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How to Tell if Ball Joints are Bad While Driving?

Today's vehicles use a front suspension system that uses upper and lower control arms to attach the wheels to your vehicle, or MacPherson struts and a control arm to mount the wheels. The hubs on which the wheels and tires are mounted are attached to the outer end of each control arm and move up and down as the control arm rotates, they usually remain vertical. The hubs are also attached to your steering system and must be able to rotate left and right at any point of up and down movement.

ball joints
What is a ball joint and what do ball joints do?

Ball joints are an important part of modern automotive suspension systems. They are one of the main suspension pivot points that connect the vehicle's control arms to the steering knuckles or spindles. The front ball joints also allow the front wheels and suspension to move back and forth as well as up and down. They provide universal rotational movement between the wheels and control arms, providing you with a safe, smooth ride and giving you precise control of your vehicle.

Ball joints in the suspension allow jointed motion of the wheels without transferring that motion to the cabin. Ball joints are usually of a ball-in-socket design, lubricated with grease and covered with a dust cover. However, over time, these joints wear out. They may lose lubrication, loosen, or become completely stuck. What are the symptoms of a bad ball joint and how to tell if a ball joint is bad? Below, we've identified four important signs to look for. These signs indicate a problem with your vehicle's suspension, such as a loose or worn ball joint.

ball joint press tool using

What are the most common signs of worn ball joints?

1. Bad ball joint sounds. A clanking, rattling noise.

Whenever you hear an irregular clanking, rattling or clicking sound coming from underneath your vehicle, there is a good chance that there is a loose part somewhere in the suspension. Ball joints are a common culprit. If the rattling is more pronounced when you're bumping and sinking down the road, then it's almost certainly coming from a suspension problem.
As a failing ball joint exhibits many of the same symptoms as other common problems. When this happens we recommend that you go to a mechanic to get a professional diagnosis that will completely resolve the problem with your car.

2. Excessive vibration at the front of the vehicle.

Worn ball joints will shake and rattle as you drive, causing excessive vibration in the suspension, usually on one side. Sometimes the vibration can be felt through the steering wheel.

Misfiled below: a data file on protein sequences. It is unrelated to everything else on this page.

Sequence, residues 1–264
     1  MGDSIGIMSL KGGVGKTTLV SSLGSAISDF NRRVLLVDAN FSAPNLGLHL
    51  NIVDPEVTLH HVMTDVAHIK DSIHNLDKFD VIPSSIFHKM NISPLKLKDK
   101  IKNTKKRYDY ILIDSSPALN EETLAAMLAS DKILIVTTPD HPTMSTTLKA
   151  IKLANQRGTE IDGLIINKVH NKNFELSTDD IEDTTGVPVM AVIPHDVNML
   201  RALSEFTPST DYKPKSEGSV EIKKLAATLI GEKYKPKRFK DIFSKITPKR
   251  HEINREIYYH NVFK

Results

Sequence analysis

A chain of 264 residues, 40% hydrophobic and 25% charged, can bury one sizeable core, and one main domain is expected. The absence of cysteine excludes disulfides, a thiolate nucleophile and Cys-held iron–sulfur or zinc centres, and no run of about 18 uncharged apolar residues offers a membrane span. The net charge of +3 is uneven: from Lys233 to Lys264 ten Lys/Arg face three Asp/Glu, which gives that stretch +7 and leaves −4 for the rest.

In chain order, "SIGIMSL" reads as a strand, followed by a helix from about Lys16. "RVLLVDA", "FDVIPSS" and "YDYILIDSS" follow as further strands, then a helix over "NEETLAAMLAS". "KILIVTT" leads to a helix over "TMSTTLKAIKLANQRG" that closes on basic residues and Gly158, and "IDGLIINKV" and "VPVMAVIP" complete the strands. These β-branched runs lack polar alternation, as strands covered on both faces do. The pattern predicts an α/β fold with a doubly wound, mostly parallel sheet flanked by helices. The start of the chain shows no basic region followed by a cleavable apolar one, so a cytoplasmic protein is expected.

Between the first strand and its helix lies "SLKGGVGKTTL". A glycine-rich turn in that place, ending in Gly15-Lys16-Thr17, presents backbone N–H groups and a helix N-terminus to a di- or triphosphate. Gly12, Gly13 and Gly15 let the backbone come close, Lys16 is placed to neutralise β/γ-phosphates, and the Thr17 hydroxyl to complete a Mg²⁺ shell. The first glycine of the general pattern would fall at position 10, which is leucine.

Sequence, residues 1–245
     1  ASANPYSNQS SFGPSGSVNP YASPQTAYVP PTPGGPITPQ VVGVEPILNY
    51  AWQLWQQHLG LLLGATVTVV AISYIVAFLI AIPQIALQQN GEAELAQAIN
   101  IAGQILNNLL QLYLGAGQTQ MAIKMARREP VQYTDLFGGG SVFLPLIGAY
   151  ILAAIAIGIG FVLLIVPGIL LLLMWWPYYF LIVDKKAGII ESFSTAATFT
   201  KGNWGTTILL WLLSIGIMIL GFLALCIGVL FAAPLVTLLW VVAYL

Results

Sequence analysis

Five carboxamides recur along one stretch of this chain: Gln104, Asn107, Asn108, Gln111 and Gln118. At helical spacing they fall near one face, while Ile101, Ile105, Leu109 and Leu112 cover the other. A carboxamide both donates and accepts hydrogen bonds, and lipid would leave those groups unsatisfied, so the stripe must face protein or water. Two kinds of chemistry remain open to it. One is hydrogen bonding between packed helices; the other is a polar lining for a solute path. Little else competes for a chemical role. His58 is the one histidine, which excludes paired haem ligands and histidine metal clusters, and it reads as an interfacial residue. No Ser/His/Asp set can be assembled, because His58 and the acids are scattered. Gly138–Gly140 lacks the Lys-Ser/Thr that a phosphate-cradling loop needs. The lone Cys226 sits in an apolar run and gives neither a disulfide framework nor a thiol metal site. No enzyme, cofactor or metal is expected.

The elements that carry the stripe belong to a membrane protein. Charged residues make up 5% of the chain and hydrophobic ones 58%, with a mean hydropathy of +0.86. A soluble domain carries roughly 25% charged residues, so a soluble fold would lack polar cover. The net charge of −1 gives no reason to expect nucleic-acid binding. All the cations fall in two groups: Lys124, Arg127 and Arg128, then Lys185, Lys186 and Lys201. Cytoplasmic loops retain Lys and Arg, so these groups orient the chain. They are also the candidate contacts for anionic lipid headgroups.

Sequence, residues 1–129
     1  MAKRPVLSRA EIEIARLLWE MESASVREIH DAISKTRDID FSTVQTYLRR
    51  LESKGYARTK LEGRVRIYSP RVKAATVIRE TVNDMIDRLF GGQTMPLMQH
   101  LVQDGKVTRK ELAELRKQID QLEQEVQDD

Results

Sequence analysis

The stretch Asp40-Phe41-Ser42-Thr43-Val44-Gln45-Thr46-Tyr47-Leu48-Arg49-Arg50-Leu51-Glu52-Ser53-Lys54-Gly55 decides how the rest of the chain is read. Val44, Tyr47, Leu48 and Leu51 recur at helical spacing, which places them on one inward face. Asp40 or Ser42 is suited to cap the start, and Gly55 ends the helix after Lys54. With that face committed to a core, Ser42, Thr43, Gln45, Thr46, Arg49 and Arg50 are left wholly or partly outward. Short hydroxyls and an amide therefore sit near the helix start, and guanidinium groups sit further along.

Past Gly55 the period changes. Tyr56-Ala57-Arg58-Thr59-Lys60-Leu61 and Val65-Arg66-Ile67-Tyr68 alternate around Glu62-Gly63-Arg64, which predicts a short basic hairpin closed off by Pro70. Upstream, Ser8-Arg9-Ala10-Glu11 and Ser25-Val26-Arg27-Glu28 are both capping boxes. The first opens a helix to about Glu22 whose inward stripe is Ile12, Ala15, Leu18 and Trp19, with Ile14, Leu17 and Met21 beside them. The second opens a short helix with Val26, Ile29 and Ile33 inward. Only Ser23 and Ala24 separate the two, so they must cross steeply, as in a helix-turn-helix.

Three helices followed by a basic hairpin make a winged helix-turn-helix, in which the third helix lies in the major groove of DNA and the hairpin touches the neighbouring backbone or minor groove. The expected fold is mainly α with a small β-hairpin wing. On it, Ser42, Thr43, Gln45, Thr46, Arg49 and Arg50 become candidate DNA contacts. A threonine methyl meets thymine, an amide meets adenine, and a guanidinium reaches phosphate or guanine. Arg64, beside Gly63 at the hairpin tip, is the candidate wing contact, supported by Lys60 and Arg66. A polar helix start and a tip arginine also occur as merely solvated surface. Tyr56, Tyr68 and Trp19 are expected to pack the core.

3. The car wanders, steering to the left or right.

Steering drift, when one or more ball joints are damaged, the car will drift to the left or right. It may be difficult to distinguish between steering drift and poor alignment, as both conditions can cause the car to pull or drift to the left or right. However, steering drift can cause the car to drift left or right instead of pulling hard in one direction.

4. Uneven tire wear.

Irregular and/or excessive tire wear is an important indicator of ball and socket joint wear. Wear on the inside or outside of the tire is a strong indicator of a bad ball joint and can be difficult to catch; therefore, if you experience any other symptoms, be sure to inspect your tires carefully, especially on the inside of the tread. If wear occurs on both the inner and outer edges of the tread, it may not be due to a worn ball and socket joint, but rather an underinflated tire.

5. Wear Indicators

Some ball joints have a built-in wear indicator to ease the difficulty of trying to diagnose a loose ball joint. The wear indicator consists of a removable grease nipple. When the collar of the oiling nozzle is flush with or below the bottom of the ball joint housing, the ball joint is worn and should be replaced.
Other types of wear indicators have a pin protruding through a hole in the bottom of the ball joint. As long as the pin is visible, the ball joint is fine. When it is flush with the housing or not visible, the ball joint should be replaced.

How long do ball joints last and when should they be replaced?

Ball joints can last 70,000 to 150,000 miles or more. The service life depends on usage, road conditions and weather. If the joints wear out and show any of the symptoms mentioned in this article - clicking, knocking, rattling, steering drift and drifting, abnormal tire wear - they should be replaced.

driving car

When your car needs a ball joint replacement, we recommend that you choose to have a professional mechanic do the job. But if you're a home mechanic who likes to DIY at home, then buying a ball joint tool set at an auto parts market is the most economical option.Orion Motor Tech's premium ball joint tool set can meet the needs of all mechanics who want to do it themselves.